This week the Parliament’s Women & Equality Committee has recommended fathers get 6 weeks of leave at 90% pay when a baby is born, just like mothers do. Over the weekend Dad Network ran an online discussion about paternity leave and pay – two weeks at £141/week. It gets the thumbs down.
“I strongly object to the devaluing of paternity leave,” said one. And another, “It’s unacceptable that those two measly weeks aren’t fully paid by law. What message does it send to new dads?” One did not mince his words: it’s “wank”!
The provision of just two weeks really falls apart when there is any kind of complication. For the father whose baby was in the hospital for four weeks and whose employer didn’t give a damn, two weeks was hardly adequate. Nor for the father whose wife was incapacitated for six weeks after an emergency Caesarean. The father whose baby was in the hospital for 10 whole months described the experience as “extremely difficult, physically, mentally and financially”.
As for the difference in entitlements between mothers and fathers, the fathers were scathing: “absolutely crazy”, “ridiculous”. A woman on an average annual wage of £27,000 gets, in the first year, six weeks’ state maternity pay at £466 (90% of pay) plus 33 weeks at £141, making a total of £7,449. A father gets two weeks at £141, or £282. So fathers get 26 times less.
One father added the important point that a lot of employers make this even worse, topping up the pay of mothers much more than for fathers.
All this is part of a wider social problem of not taking fatherhood as seriously as motherhood in the UK. Maternity services, family services and schools all constantly underestimate the importance of and commitment of fathers. There is a reason why mental health in new fathers deteriorates on average in the UK but not in Sweden. We don’t help fathers in this country, we just expect them to man up. In Sweden, supporting active fatherhood – which means simply treating fathers in the same way mothers are – has been a central plank of gender equality and child welfare policy since the 1970s.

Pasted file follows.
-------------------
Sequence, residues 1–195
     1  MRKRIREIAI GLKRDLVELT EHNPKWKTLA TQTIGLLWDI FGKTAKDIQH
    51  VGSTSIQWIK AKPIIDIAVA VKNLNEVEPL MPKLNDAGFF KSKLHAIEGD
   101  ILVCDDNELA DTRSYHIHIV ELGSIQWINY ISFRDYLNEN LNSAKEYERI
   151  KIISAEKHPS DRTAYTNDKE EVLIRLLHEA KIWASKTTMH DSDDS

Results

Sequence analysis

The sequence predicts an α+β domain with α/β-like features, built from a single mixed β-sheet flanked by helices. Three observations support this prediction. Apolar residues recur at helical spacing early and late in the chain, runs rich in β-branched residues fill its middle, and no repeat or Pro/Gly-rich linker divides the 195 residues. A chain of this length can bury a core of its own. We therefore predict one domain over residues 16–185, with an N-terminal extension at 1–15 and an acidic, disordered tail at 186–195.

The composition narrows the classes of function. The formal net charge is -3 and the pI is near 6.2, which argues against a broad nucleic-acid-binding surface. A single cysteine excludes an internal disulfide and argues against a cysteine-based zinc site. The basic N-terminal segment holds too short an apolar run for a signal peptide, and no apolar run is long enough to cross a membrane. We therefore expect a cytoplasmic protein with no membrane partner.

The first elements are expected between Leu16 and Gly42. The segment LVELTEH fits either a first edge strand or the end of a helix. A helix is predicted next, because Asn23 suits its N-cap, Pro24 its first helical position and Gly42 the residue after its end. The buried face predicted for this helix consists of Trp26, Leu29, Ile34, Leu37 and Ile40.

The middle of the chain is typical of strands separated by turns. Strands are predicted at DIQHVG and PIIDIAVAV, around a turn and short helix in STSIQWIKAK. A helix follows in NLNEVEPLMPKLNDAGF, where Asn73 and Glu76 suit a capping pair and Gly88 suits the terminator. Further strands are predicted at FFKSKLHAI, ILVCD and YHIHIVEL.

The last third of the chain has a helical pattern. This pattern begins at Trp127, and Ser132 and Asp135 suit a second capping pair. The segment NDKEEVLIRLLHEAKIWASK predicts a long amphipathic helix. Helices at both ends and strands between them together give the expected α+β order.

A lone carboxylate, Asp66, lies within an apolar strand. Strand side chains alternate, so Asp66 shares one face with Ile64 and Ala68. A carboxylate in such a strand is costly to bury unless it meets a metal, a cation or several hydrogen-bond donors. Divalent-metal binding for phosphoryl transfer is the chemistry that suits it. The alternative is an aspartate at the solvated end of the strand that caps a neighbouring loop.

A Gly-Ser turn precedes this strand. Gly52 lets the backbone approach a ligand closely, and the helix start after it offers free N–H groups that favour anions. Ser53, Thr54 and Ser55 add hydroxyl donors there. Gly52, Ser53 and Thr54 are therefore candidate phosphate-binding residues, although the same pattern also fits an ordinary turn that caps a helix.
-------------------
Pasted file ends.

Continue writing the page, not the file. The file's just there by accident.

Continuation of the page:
It is highly significant that in the chorus of complaints about the gender pay gap, there has been hardly a squeak about fatherhood. Men caring less for children than women do is a major driver of the gender pay gap. (I analysed this in an article this week in Personnel Today.) And no, we can’t just brush that away with a secret suspicion that fathers don’t care anyway. There are active and sizeable obstructions in place machining women and men in different directions the moment a baby is born.
The core of the problem is that the voices of real fathers are not heard. So long as that is the case, no Government will act. Neither this Government nor the next will respond positively to the recommendations of the Women & Equalities Community. For the last 20 years, people like me have been making extremely polite, logical, well-researched recommendations that more support for fatherhood is good for gender equality, is good for child development and education, is good for productivity, is good for men’s mental health. But unless there are fathers actively campaigning for a change in large numbers and loudly, politicians will just look right past it all, just like they have for 20 years.
So the next chapter in the campaign for gender equality lies with all those men who want to be more involved in the lives of their children – men like the fathers in Dad Network. I see millennial men as more confident, more connected and more caring about equality than any generation of men ever before. This generation of dads just won’t put up with what my generation did.
Written by Duncan Fisher